Interwave Studios’ Dark Matter is available on Steam for PC and puts gamers alone on a derelict spacecraft with nothing but a flashlight, a pistol, and your wits to survive. With alien creepy crawlies for company, the idea is to uncover the truths of the ship and escape. For the full low down on the game, take a look at our Dark Matter video review.
Dark Matter Review:
Today we’re taking a look at InterWave Studios’ survival action game Dark Matter which is available now via Steam and puts players into the shoes of an Ensign who is tasked with simply surviving and uncovering the hidden truths of the derelict ship she wakes up in. The game offers a side on perspective, with a shifting camera and fore and background objects to create a more spacious environment, or 2.5 as InterWave are calling it.
Playing the adventure is fairly simple and can be accomplished using a mouse and keyboard or a controller. The Ensign can walk, run, jump, scale ladders and enter doorways as she moves through the tunnel like areas, although running is limited by health, and only lasts for a few moments before the Ensign needs to get her breath back. It’s a bit of an annoyance at times especially when lost and needing to cover a lot of ground. The stop starting simply becomes tiresome.
There’s some atmospheric rooms to move through and minor puzzle elements as players progress through the dark and light contrasting areas. As a gameplay mechanic, the enemies react to the light, often becoming more powerful or waking up, making using the provided flashlight a balancing act of needing to see, or triggering aliens to wake up from their pods. The alien creepy crawly creatures, or scavengers, come in few forms, and generally jump at and swamp the player or spit acid. Luckily, there are four main weapons available, although the final grenade launcher weapon barely gets any use if you follow the story to the letter.So, with the pistol, shotgun or assault rifle, players can aim, and shoot scavengers with varying types of ammo, although sadly, there’s no hit reaction making the combat feel a little dull. What’s more, there’s no escape move should you get tangled up, and running away is rarely a viable tactic. Often you’re left simply squaring up with the enemy and shooting until it drops. and if quick enough can avoid taking damage in return. What is neat is being able to collect resource materials from the fallen or various lockers and containers, and then use these to craft ammo and upgrades to your weapons. There are crafting stations littered all over the ship, meaning there’s always a plentiful supply of ammo or medical kits available taking away some of the survival aspects in the process. That’s not to say players won’t be killed, as some moments do take you by surprise and result in an untimely death. Luckily the game is quite forgiving with its save stations being quite common.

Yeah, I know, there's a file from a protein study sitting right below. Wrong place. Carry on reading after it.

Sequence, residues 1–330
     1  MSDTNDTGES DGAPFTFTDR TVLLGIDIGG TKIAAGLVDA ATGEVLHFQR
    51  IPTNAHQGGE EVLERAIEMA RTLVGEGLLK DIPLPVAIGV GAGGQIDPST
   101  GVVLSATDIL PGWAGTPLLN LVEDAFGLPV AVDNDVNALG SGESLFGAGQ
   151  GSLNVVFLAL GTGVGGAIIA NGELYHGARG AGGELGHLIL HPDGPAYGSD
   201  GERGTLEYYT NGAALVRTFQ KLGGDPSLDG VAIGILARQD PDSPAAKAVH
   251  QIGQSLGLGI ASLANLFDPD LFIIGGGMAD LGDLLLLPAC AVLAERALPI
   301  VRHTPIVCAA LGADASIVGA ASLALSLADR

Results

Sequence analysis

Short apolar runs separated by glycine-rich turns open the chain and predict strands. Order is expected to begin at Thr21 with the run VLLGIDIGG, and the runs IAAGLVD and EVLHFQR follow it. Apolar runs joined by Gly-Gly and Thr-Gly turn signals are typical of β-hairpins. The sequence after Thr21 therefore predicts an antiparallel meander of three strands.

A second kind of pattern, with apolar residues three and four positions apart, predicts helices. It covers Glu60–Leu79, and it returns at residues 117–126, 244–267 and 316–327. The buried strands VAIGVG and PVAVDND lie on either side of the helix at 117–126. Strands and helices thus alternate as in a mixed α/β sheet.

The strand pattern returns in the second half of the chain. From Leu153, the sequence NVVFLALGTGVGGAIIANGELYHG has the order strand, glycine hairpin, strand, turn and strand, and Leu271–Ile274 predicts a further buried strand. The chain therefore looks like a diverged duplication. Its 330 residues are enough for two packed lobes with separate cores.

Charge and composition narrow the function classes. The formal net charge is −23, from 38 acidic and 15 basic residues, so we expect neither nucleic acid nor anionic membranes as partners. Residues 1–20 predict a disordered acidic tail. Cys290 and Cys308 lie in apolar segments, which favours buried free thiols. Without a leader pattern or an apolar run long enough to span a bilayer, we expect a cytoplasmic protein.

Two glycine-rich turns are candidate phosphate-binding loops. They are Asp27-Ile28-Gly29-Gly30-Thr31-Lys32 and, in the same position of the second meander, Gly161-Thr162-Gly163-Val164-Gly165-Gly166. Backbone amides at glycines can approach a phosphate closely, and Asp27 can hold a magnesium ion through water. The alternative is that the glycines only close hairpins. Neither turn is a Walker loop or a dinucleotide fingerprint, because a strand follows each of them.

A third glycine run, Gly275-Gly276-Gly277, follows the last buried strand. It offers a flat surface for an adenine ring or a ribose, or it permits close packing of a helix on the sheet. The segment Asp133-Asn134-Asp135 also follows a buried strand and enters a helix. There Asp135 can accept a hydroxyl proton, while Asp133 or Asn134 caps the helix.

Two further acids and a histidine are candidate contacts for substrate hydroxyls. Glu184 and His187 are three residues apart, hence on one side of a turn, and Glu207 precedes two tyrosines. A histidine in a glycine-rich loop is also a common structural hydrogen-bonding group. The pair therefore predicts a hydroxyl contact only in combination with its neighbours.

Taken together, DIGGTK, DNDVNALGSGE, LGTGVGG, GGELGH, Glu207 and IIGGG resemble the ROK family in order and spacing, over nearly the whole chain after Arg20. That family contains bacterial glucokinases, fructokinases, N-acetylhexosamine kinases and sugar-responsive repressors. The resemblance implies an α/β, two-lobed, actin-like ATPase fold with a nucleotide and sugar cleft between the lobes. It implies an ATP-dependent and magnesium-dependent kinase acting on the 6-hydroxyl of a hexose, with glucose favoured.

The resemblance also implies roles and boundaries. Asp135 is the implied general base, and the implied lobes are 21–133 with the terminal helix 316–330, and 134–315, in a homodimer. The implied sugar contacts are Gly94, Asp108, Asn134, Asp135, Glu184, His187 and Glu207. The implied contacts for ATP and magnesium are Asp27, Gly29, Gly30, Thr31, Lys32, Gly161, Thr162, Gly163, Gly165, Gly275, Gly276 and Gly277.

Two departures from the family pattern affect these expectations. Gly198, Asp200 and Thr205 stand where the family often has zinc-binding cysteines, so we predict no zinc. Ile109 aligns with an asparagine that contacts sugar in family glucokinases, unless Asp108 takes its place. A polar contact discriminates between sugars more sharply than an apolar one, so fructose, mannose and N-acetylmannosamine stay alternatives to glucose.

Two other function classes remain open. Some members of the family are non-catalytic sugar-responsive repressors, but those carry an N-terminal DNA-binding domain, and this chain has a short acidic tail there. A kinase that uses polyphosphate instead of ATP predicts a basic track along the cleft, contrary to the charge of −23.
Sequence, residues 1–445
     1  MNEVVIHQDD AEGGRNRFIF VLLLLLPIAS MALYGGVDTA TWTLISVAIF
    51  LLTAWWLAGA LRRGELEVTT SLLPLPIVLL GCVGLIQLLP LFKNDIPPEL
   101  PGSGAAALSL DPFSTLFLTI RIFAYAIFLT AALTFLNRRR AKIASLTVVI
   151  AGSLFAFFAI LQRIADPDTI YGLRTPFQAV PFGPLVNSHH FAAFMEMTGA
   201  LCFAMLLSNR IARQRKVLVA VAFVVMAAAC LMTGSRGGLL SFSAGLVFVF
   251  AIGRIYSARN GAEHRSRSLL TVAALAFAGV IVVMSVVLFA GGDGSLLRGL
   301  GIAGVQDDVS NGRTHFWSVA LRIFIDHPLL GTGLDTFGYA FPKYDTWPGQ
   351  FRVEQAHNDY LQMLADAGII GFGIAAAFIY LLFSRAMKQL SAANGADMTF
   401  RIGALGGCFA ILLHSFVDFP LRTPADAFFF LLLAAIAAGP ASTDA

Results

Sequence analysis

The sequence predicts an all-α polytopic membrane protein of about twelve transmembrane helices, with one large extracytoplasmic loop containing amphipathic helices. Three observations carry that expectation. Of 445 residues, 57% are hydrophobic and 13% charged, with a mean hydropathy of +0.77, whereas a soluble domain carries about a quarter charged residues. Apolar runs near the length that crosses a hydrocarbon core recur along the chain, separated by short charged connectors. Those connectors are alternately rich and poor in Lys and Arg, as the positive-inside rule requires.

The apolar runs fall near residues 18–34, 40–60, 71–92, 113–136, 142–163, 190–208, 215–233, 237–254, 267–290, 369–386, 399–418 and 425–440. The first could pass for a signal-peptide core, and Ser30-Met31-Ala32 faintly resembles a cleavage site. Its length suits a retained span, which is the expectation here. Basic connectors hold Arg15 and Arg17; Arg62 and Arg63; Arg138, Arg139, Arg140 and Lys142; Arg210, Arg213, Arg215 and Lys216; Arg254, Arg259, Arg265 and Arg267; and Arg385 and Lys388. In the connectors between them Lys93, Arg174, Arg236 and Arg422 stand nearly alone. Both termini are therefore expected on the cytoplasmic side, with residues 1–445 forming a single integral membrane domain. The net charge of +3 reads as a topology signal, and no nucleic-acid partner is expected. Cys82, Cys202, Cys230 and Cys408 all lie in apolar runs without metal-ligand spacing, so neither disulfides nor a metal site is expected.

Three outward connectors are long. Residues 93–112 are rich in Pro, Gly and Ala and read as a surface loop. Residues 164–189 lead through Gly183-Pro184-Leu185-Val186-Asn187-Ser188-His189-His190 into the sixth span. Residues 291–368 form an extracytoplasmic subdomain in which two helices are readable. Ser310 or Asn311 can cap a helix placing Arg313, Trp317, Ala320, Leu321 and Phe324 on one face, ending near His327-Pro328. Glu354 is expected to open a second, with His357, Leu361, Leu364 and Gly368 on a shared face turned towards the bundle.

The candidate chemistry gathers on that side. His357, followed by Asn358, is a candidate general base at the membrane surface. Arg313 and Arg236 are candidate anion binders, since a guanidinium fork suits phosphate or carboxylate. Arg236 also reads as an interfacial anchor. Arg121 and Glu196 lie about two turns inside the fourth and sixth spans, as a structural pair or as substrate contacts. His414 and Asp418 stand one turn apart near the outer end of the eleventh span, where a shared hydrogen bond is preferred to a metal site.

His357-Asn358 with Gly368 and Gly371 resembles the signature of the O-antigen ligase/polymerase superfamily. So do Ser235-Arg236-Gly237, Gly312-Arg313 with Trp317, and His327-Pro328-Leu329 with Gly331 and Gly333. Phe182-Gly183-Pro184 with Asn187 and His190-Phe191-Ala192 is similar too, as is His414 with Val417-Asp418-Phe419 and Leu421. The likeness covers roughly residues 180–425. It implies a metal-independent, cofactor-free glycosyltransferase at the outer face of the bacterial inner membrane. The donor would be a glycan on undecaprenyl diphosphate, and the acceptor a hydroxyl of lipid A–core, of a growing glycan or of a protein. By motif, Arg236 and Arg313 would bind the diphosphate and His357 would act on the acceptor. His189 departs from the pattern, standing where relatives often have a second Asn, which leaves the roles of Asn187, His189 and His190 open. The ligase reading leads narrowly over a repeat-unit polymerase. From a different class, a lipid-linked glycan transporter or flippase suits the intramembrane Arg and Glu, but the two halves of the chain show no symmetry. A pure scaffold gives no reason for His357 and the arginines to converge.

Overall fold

Sadly, Dark Matter is a little vague with its objectives at times, and there’s a feeling that components aren’t quite as polished as they should be. For example, doors suddenly refuse to open when they should, or unusual text appears on the screen that shouldn’t. There are a number of minor quibbles with the game, but luckily nothing too damaging to hamper the overall experience – aside from having to perhaps reboot the game.
In terms of looks, there’s some simple but effective visuals on offer here, with good lighting and shadow effects used to bring the game to life. The overall style of the game is pretty dark as the name suggests, and offers areas with little fanfare and opts for simple industrial type rooms. Aside from the few graphical hiccups, the game plays smoothly and is likely not to be too demanding on lesser systems.
The audio is a bit bare to keep in tune with the solitary nature of the game, whilst there are bits of music which adds to the atmosphere and plenty of spot sound effects, the most prominent audio comes from walking, shooting and the robotic voice of the ship which leads you on your journey. Sadly, the lead character is a mute, and therefore is lacking in any sort of character which is a shame as this leaves no real bond with the character.
Weighing in at around 4-5 hours, the game comes to its end rather abruptly, to the point where it almost feels like it should have continued on. There’s an out of the blue ending which makes sense of everything that happens, and aside from playing once, there’s no real incentive to replay again. There are achievements to strive for in the way of collectibles and killing a set number of enemies, but some of these don’t register or unlock properly.
Dark Matter is an interesting game that’s easy to play, but perhaps a bit too uneventful to have any lasting impact. The combat is uninspiring, and the lone solitary gameplay, whilst intriguing, simply fails to offer any genuine moments of fright or despair. There’s a good concept here, but due its execution isn’t going to cater to everyone’s taste.
Score 5/10 – Review by Robert Cram.